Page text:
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CDC May Have Just Been Proven Wrong

Oh look, it happened again!

I’d love to tell you the answer is “Yes, they wildly overhyped it! It’s nowhere near as contagious as we thought!”

But the truth is more like “They slightly overhyped it but it’s still a ferocious beast.” In fact, the scientist who confirmed for NPR that the CDC overstated Delta’s transmissibility still called it “probably the most contagious respiratory virus that we know, for the moment.” Not the most contagious strain of COVID, mind you.

The most contagious respiratory virus scientists are aware of, period.

Nate Silver wants answers regardless. “I want to know more about the provenance of the leaked CDC document that *emphasized* the comparison to chickenpox and made a lot of other claims (e.g. about vaccinated transmission) that spun uncertain evidence about Delta in a very scary light,” he tweeted earlier. The leaked document was this CDC powerpoint, in particular this slide:

Upon further review, that data appears to be not quite true. So why was it leaked, replete with the scary detail about chicken pox? Was it designed to freak out the public in hopes of frightening people into returning immediately to precautions?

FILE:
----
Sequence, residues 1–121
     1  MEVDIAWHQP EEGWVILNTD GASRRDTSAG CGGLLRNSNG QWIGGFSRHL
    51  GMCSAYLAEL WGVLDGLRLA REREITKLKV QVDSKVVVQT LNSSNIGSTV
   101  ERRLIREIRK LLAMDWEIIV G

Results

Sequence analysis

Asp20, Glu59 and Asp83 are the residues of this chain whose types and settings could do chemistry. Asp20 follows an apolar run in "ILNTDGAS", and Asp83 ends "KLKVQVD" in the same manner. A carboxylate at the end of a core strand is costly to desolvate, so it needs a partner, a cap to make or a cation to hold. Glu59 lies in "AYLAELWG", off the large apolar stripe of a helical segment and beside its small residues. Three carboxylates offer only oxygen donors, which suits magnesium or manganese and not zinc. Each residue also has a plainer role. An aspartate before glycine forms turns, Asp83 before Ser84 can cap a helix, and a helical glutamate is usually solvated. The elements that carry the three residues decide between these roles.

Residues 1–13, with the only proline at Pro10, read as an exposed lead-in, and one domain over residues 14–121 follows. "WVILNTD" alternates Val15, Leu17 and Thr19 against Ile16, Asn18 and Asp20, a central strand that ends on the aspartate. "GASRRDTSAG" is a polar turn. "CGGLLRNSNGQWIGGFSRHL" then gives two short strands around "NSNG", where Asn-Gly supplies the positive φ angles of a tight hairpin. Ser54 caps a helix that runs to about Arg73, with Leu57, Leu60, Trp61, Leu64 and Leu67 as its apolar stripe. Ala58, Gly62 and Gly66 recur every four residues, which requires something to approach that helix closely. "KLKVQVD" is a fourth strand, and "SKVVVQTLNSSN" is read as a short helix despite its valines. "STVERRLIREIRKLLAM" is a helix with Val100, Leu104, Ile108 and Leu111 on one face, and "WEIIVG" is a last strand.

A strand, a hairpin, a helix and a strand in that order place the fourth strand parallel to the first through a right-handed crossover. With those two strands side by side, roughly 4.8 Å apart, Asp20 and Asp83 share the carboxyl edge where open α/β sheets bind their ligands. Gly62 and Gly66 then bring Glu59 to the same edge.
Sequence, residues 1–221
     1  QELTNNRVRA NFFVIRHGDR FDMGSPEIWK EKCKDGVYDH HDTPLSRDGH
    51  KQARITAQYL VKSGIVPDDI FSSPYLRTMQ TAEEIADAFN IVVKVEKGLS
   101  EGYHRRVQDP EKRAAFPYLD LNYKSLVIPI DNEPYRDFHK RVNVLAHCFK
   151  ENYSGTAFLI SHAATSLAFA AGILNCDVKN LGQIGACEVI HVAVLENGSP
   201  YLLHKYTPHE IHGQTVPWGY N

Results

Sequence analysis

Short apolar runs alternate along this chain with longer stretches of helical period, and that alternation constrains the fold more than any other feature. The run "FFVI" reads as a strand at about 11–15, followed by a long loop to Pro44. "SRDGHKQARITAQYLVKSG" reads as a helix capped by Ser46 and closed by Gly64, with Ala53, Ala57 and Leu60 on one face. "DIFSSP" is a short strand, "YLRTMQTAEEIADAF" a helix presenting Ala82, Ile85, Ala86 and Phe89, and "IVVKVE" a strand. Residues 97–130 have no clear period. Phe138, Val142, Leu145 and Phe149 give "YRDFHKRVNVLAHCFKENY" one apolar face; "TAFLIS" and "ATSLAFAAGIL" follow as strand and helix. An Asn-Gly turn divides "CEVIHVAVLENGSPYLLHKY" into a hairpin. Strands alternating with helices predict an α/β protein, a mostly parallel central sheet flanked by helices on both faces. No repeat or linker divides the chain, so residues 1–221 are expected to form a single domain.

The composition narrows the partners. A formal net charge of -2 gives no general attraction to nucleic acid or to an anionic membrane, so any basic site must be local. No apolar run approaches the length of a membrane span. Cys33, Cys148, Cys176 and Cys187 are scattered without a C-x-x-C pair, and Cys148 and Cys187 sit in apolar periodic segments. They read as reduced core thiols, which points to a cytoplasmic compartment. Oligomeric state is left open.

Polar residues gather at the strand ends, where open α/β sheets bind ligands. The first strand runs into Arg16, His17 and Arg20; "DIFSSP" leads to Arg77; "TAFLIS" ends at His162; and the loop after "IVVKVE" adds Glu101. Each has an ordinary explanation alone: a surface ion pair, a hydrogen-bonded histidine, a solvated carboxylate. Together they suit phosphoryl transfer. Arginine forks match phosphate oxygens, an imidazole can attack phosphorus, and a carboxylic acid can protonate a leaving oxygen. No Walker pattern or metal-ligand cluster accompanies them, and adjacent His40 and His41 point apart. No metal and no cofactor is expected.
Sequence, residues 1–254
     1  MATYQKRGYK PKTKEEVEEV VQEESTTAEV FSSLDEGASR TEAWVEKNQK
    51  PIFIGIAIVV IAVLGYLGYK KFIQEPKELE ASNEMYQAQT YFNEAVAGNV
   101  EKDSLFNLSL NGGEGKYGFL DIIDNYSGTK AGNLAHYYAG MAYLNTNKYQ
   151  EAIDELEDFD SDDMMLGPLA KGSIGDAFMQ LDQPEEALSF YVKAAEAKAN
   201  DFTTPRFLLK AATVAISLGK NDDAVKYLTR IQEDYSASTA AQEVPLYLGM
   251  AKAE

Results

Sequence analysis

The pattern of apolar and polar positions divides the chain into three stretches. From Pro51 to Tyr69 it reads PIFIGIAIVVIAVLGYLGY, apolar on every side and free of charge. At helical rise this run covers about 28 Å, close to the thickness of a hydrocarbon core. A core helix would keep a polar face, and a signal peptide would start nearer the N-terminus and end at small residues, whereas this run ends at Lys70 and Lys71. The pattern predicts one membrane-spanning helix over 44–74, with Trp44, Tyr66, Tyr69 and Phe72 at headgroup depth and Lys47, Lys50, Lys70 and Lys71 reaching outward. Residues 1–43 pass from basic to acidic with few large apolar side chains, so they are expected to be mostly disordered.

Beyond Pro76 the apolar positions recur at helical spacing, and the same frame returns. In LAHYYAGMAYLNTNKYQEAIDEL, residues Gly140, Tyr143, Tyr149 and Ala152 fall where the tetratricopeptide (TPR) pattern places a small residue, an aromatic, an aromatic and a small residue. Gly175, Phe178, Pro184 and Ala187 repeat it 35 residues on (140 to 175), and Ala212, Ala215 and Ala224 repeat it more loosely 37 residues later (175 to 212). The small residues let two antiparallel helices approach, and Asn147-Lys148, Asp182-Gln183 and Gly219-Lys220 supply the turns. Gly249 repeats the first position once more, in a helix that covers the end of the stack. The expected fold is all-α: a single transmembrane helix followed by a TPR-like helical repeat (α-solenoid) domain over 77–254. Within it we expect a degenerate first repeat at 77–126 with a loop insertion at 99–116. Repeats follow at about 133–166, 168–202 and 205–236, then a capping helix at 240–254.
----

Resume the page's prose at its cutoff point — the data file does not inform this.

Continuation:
The biostatistician who spoke to NPR says Delta’s true transmissibility looks more like this:

An R0 of six or seven, not of nine or 10. How’d the feds get it wrong? “The R0 values for delta were preliminary and calculated from data taken from a rather small sample size,” one official told NPR. Was the small sample the same as the one from the outlier-ish Provincetown study, in which an outbreak over the July 4 holiday when locals were partying in bars was treated as a fair proxy for the entire country?

Regardless of whether Delta is as contagious as chicken pox or not quite as contagious but still extremely contagious, a lot of people are going to get sick from it and a lot of unvaccinated people are going to die:

The difference between an R0 of three and six is massive. For example, with the original strain of SARS-CoV-2, one person would infect about three people, and each of those people would infect three more. So after only two rounds of transmission, cases would rise by nine (3 x 3 = 9). After three rounds, cases would rise by 27 (3 x 3 x 3 = 27). But with the delta variant, the first person would infect six others, who would each then infect six more people. So after two rounds of transmission, cases would already rise by 36 (6 x 6 = 36). After three rounds, cases would surge by 216 (6 x 6 x 6 = 216).